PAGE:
How Complex PTSD Compares to Regular PTSD
The first requirement for a diagnosis of complex PTSD is a prolonged period (months to years) of total control by another. The other criteria include symptoms that tend to result from chronic victimization.
These symptoms of chronic PTSD include:
- Changes in the ability to control emotions, which may include symptoms such as persistent sadness, suicidal thoughts, explosive anger, or inhibited anger
- Changes in consciousness, such as forgetting traumatic events, reliving traumatic events, or having episodes in which one feels detached from one's mental processes or body
- Changes in how the person views himself or herself, which may include a sense of helplessness, shame, guilt, stigma, and a sense of being completely different from other human beings
- Changes in how the person views the perpetrator, such as attributing total power to the perpetrator or becoming preoccupied with the relationship to the perpetrator, including a preoccupation with revenge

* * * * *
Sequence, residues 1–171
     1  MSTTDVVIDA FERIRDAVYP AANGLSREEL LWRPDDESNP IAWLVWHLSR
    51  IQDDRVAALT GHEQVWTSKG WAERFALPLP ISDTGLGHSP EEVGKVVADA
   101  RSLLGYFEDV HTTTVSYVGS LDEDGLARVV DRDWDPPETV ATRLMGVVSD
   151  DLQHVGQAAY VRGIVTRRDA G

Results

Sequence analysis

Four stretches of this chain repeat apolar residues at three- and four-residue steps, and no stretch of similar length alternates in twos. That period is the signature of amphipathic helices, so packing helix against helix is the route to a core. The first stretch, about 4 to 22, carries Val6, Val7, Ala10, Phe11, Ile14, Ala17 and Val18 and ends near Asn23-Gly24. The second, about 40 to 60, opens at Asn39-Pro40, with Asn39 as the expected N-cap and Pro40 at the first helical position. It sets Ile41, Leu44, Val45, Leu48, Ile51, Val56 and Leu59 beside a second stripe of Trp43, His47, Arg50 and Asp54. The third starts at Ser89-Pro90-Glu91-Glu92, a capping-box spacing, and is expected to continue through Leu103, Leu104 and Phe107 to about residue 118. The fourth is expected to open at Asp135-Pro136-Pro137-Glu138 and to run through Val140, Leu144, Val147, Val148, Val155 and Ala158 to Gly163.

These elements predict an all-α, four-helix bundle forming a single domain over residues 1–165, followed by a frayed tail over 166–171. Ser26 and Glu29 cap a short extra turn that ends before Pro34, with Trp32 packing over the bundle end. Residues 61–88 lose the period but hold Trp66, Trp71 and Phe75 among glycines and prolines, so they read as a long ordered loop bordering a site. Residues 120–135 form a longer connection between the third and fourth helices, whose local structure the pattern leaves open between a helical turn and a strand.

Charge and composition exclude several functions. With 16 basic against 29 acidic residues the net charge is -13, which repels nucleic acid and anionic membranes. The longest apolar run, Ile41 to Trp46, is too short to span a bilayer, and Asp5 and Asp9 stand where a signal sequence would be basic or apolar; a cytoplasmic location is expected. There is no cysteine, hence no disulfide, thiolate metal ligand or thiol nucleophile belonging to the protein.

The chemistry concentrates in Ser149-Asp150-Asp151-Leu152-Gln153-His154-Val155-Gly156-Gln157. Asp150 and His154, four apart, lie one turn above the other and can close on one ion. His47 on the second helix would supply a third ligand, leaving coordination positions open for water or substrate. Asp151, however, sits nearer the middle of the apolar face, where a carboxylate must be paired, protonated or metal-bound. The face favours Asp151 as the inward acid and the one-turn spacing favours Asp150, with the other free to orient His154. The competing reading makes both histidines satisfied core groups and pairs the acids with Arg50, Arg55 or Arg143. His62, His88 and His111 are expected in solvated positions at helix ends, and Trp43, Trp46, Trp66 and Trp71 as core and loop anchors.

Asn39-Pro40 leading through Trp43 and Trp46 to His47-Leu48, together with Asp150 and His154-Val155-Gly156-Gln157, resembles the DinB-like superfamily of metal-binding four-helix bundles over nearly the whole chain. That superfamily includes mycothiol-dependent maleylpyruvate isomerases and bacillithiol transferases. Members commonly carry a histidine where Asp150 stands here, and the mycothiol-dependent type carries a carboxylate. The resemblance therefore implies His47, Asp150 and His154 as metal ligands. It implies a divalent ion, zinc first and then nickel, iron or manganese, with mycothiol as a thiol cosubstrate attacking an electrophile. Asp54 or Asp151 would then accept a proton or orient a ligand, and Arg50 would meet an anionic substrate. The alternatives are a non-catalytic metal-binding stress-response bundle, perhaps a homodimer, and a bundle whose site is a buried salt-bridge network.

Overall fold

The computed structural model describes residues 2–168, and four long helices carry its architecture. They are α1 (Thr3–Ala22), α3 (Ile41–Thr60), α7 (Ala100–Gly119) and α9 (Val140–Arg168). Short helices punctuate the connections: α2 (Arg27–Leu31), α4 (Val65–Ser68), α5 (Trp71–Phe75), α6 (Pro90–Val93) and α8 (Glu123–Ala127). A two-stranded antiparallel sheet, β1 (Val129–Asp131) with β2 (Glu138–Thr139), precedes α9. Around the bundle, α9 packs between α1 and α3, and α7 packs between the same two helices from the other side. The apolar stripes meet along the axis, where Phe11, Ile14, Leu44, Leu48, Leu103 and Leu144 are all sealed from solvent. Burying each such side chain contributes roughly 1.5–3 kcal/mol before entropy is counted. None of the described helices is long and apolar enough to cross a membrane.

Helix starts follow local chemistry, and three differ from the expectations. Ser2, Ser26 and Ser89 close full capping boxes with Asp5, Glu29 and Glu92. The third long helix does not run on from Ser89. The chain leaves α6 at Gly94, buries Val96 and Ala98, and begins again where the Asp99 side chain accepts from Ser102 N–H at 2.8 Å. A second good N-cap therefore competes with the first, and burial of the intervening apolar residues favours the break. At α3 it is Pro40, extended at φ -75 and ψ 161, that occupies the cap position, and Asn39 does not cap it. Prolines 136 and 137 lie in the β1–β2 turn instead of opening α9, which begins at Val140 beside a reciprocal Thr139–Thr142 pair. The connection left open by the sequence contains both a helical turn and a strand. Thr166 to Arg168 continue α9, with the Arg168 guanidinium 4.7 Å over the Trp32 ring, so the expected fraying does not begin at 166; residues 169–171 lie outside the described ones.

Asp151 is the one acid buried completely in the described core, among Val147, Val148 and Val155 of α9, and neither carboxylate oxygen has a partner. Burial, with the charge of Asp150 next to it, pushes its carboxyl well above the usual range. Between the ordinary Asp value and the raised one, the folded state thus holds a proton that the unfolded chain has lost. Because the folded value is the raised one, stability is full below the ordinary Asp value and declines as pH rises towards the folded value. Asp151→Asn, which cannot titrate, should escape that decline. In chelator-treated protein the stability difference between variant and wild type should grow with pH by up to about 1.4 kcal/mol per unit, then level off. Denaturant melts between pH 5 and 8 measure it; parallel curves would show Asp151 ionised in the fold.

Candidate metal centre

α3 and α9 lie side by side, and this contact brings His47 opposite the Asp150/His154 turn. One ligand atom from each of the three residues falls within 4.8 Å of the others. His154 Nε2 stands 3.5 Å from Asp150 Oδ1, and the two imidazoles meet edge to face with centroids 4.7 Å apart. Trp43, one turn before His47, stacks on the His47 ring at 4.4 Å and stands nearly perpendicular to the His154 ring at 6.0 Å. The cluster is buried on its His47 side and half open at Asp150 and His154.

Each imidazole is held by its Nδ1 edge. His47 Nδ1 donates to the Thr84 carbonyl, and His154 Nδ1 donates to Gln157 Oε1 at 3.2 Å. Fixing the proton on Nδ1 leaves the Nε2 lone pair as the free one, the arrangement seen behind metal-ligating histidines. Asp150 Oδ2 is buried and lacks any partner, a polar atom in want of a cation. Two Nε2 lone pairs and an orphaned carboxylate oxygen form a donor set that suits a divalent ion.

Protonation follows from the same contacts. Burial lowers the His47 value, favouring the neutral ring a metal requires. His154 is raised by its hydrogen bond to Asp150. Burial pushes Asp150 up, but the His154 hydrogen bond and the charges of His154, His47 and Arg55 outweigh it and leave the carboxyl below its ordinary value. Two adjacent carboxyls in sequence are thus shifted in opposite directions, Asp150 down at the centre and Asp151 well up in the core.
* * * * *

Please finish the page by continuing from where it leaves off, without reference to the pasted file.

- Changes in relationships with others, including isolation, distrust, or a repeated search for a rescuer
- Changes in one's system of meanings, which may include a loss of sustaining faith or a sense of hopelessness and despair.
Survivors may avoid thinking and talking about trauma-related topics because the feelings associated with the trauma are often overwhelming. They may use alcohol and substance abuse as a way to avoid and numb feelings and thoughts related to the trauma. Survivors may also engage in self-mutilation and other forms of self-harm.
There is a tendency to blame the victim in these situations. A person who has been abused repeatedly is sometimes mistaken as someone who has a "weak character." Because of their chronic victimization, in the past, survivors have been misdiagnosed by mental health providers as having borderline, dependent, or masochistic personality disorder. When survivors are faulted for the symptoms they experience as a result of victimization, they are being unjustly blamed.
Researchers hope that a new diagnosis of complex PTSD will prevent clinicians, the public, and those who suffer from trauma from mistakenly blaming survivors for their symptoms.